It's more than just a game for the NCAA

March Madness aside, comms efforts focus on community, academics, and off-court activities

March madness has taken over the country – at the water cooler, on TVs and computer screens, and at universities across the nation. But to make March more than just a month of college basketball games, the National Collegiate Athletic Association's (NCAA) PR and media relations team is promoting local community events that are taking place from April 3-5 in Detroit, the host city for the Final Four.

The NCAA communications staff is working with the Detroit Local Organizing Committee (DLOC) to do on-the-ground outreach to raise awareness about the Big Dance concert and other events. Internally, the communications team is split into two divisions: an overall NCAA public and media relations (PMR) team and a specific men's basketball media coordination team.

“The way it works when it comes to championships like the Final Four, is there is a demarcation in what we do versus what the media coordinator does,” says Chuck Wynne, director of communication strategy for the NCAA. “[The media coordinator] works men's basketball 365 days a year.”

The NCAA, despite being founded in 1906, didn't have a separate public and media relations function until about 11 years ago, Wynne adds. The division has been growing ever since.

For March Madness, Wynne and his 13-person PMR team work with David Worlock, associate director for the Division 1 Men's Basketball Championship, and the media coordination team of 18 that handles credentialing, press conferences, and interviews for key players in the NCAA Tournament. Demand is high for Michael Slive, chairman of the NCAA Tournament Selection Committee, as well as coaches and student-athletes.

“We in PMR, we're there to assist,” says Wynne. “But our main goal is to answer the big-picture questions and issues that come up about NCAA men's basketball in general.”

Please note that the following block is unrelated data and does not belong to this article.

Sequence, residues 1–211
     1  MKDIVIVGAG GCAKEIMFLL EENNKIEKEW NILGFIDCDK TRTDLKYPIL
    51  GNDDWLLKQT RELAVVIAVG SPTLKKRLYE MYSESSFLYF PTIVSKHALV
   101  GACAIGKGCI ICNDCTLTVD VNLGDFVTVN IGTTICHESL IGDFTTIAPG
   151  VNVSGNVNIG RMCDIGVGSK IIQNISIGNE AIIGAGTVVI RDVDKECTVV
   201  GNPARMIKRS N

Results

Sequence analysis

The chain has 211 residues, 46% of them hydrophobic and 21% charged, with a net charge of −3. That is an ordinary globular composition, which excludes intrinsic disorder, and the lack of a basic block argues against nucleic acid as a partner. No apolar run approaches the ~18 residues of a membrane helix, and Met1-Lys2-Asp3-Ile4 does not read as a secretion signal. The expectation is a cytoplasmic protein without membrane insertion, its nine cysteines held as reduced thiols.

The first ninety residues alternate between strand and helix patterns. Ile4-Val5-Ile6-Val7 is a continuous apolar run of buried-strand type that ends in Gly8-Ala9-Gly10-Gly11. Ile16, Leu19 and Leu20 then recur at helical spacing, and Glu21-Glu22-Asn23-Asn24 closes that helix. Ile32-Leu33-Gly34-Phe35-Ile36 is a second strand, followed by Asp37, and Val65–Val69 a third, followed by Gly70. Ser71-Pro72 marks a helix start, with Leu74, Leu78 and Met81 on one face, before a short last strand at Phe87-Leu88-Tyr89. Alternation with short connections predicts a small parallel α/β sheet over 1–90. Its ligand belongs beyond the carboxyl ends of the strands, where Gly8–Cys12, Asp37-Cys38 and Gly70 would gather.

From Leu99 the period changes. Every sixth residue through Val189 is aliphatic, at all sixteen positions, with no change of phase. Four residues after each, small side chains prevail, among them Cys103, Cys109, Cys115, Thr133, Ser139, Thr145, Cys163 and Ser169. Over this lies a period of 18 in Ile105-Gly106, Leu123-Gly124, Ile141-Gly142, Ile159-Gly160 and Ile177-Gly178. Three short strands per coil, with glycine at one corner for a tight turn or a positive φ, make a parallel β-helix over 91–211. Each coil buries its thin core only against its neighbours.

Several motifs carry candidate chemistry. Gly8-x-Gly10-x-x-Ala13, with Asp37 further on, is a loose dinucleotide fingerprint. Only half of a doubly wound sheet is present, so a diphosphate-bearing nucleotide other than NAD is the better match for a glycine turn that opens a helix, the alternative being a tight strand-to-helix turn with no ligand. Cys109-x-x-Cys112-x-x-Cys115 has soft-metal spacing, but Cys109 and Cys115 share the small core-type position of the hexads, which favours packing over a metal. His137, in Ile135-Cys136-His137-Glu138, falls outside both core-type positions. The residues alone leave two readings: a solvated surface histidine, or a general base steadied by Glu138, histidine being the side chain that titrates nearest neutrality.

The Final Four has grown from a straightforward basketball tournament into an entire weekend of events and activities in the local community, Worlock says.

“A large part of our focus is what we're doing to make a difference and what can we provide the community in terms of activities and long-term benefits,” he explains. “It has become more and more a focus each year.”

To bolster its efforts this year, the NCAA is working with the DLOC and a PR committee led by Kurt Kosmowski, owner of The Kosmowski Group, who is “our eyes and ears on the ground,” Wynne says. Marx Layne PR also assists the NCAA with media relations for Final Four weekend events.

Kosmowski says the DLOC uses a mix of traditional media relations and grassroots outreach to spread the word about the programs and activities associated with college basketball's big weekend. The Final Four also has a Web site, in addition to March Madness On Demand, where fans can watch games online.

Another NCAA message point is making sure academics are emphasized as much as athletics. The organization has PSAs reminding sports fans that “there are more than 400,000 student-athletes and most of them will go pro in something other than sports.” That message is reinforced through local events, such as the Middle School Madness Essay and Poster Contest in Detroit this year.

“The thread that runs through everything we do is academics tied to athletics,” explains Wynne. “We want to make sure people understand that we're about academics and student-athlete well-being. We're about [how] what happens on the court can be as educational as what you learn in a classroom.”

While the NCAA and DLOC's focus is mainly local, there is still no denying that March Madness is a nationwide event.

“On a national scale, [the games] are going to be on CBS and [the network] starts promoting them early,” Wynne says of the broadcast partner for all NCAA Tournament men's basketball games. “In terms of games, we feel like [PR for] that is taken care of.

We want to let the locals know that this is more than just basketball games. We want to leave a footprint.”

At a glance

Organization: National Collegiate Athletic Association (NCAA)

President: Myles Brand

Headquarters: Indianapolis, IN

Key Titles: All mediums of national, regional, and local news, school newspapers, higher education publications

Comms Budget: Undisclosed

PR Team: Chuck Wynne, NCAA director of comms strategy; David Worlock, associate director, NCAA Men's Basketball; Bob Williams, MD, NCAA public and media relations; Erik Christianson, director, NCAA media relations; Gail Dent, Jennifer Kearns, Stacey Osburn, Cameron Schuh, all are associate directors, NCAA public and media relations

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